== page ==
Competing as an athlete for Tokyo 2020 was nothing short of incredible. I had heard that the regatta itself is miserable, the pressure is like nothing I’ve ever felt, and to expect my competitors and friends to become nasty. This wasn’t the truth I wanted to live and I work hard not to give into the complaint culture. So I made a promise to myself after our team won the trials that I would be present and enjoy the Olympic spirit - something I have been curious about for over a decade.
Truthfully, it takes much more than just deciding to show up positive and relaxed, so I leaned heavily on my performance coach, John Denney. He records a daily 15 minute meditation to the sunrise to create and instill habits; I listen each morning to reinforces the experiences I’m looking for and it allows me to visualize a good amount of the racing and interactions I have so I am already familiar with the scene when I live it!
One of the best experiences was attending the opening ceremony. We were given the option to go and I had enough time between opening and our first day of racing that I decided to go and tribute this ritual. We drove to the main village (because sailing was housed in a remote village near where we raced) and had the day to walk around and this is where I completely felt the Olympic spirit. Team USA marched third to last so we had a long time of walking behind stage, slowly winding back and forth while wearing jeans and blazers in the incredibly hot conditions. We didn’t care, we were all in it together! The 7 sailors who went to the opening collectively decided we wanted to be in the front row; picture you’re at a concert with about 250 strong and primed athletes and before you reach the stage you are all slowly walking in line all very curious to get to know each other while at the same time wanting to stay at the head of the line. Right before we marched out everyone chanted the traditional “USA, USA, USA…” I didn’t care that there was no crowd in the stands, this moment definitely fueled my fire!
The village we stayed at was actually a nice resort, and although we weren’t allowed to use any of the 6 pools we also didn’t sleep in the famed cardboard beds. There was a bus that brought us to and from the sailing venue in Enoshima each day where we made our home away from home. The unique and special part about racing the Olympics is that we worked and lived closely with all 13 USA sailors. Our base consisted of two air conditioned containers where we could relax, eat, see our team physiotherapists, take an ice bath, watch other classes race, or help our boat wright Donny fix whatever we might have broken!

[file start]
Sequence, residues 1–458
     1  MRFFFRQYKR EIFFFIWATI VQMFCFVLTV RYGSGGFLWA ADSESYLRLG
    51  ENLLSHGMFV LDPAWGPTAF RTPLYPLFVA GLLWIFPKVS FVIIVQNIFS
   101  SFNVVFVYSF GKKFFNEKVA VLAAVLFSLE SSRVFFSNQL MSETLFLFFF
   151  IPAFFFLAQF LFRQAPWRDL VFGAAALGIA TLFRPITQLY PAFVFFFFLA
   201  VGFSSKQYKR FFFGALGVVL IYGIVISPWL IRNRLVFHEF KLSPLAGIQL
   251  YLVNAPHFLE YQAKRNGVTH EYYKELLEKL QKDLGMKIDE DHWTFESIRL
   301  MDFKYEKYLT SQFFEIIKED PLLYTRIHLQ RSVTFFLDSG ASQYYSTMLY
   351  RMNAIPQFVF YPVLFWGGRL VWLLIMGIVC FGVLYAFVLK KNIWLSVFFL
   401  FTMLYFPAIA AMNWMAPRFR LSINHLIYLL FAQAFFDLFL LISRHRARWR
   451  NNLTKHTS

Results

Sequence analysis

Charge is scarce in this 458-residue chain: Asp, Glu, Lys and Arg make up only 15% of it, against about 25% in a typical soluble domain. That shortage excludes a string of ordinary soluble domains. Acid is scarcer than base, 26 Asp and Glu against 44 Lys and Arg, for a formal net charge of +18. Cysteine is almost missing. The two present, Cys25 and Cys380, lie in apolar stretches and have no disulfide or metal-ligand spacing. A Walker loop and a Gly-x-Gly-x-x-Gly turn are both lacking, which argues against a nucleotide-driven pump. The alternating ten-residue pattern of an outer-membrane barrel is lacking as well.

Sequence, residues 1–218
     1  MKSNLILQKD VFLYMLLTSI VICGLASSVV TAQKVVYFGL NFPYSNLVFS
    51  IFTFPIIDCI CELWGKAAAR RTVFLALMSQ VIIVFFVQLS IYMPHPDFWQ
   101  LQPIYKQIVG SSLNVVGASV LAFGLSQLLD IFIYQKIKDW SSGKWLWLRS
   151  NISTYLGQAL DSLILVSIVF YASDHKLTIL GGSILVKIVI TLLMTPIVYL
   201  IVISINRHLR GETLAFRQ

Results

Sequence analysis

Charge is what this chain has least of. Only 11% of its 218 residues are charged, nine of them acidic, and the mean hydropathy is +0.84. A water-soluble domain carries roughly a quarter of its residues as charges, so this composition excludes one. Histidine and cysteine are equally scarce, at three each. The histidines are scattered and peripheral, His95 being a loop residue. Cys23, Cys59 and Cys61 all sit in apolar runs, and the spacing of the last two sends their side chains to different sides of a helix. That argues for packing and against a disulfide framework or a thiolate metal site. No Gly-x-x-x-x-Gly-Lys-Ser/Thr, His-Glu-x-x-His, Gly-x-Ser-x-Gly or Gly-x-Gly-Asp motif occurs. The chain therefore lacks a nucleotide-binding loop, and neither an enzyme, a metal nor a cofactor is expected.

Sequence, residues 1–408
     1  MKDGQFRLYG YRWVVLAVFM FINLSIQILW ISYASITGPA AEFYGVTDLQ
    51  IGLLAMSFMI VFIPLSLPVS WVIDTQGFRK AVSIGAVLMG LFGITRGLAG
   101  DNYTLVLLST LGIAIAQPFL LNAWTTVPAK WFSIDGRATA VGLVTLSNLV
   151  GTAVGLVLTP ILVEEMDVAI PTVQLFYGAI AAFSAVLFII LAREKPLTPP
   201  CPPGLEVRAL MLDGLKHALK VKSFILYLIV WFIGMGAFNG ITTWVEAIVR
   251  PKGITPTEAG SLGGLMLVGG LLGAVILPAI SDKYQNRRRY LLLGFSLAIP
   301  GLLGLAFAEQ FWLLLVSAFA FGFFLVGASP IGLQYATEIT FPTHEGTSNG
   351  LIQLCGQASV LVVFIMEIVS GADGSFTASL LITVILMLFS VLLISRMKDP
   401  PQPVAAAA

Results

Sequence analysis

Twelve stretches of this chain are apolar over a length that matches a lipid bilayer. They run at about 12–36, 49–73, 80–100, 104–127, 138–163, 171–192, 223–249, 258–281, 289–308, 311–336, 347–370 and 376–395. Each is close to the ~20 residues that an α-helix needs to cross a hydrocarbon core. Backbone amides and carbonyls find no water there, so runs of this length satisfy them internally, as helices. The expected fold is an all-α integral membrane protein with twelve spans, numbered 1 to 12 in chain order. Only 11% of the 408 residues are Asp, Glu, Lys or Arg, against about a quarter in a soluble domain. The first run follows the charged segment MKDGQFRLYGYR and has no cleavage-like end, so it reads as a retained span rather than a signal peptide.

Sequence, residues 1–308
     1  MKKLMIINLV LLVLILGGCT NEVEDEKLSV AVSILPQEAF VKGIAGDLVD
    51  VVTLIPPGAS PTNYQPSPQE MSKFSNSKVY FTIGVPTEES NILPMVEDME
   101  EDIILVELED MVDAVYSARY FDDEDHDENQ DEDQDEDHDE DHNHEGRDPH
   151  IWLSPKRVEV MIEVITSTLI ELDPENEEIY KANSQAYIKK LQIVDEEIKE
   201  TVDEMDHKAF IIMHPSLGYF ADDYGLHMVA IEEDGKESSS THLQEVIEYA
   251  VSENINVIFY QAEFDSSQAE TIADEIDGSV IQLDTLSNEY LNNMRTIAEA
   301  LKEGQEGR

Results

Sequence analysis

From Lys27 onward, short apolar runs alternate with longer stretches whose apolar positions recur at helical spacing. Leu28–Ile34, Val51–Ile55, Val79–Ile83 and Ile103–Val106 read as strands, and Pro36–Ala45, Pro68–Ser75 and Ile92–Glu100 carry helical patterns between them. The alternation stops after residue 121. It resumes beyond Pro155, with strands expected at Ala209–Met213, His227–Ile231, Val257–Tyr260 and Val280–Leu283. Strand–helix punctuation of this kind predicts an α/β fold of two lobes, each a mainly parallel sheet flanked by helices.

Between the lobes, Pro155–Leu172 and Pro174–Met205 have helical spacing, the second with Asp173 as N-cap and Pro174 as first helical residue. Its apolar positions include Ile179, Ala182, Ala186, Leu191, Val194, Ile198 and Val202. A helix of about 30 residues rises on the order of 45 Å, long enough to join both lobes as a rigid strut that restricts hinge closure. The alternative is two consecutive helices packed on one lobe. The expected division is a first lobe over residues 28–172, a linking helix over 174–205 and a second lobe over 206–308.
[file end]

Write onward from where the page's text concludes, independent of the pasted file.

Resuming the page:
There are a few details that stand out to me as being vastly different from any other event I’ve raced. First was the constant buzz of the helicopters above, they would launch before the first race of the day and not come home until the final race had finished, so I got very good at keeping the noise cancelling headphones at the ready. The other big adjustment was all of the regatta documents, the sailing alone had much more extensive paperwork with details such as branding and then we add in COVID protocols which included multiple apps with daily check ins, trackers and saliva tests, and finally all of the camera, microphone, accreditation and tracker details. We were no strangers to the concept of stating the obvious and running through our daily checklists! The last thing I want to point out was the starting line, I always put a lot of pressure on myself to make accurate time and distance calls and get the race clock just right, well the official timer of the games is Omega, so there was a massive digital clock counting down every second. I had seen this watching previous Olympic regattas, but it didn’t occur to me until I was on the starting line that I didn’t need to sync to flags or remember the order of the colored flags.
I had an amazing experience in Tokyo that I will carry with me forever, and the one thing that I know for sure is I am not finished yet. I knew this during our fifth day of racing, it’s something so distinct I felt in my gut that I have unfinished business and I absolutely love being an athlete and a sailor! I’ll finish with a quote I picked up in Tokyo, “Feel is who you are. It’s the way your heart beats, everyone’s heart beats a little different. Everyone has a little different feel. Feel is not something you find in a book, it’s something you find in what you do, whether it’s your instrument, your paintbrush, your pen, your boat… feel is being human.”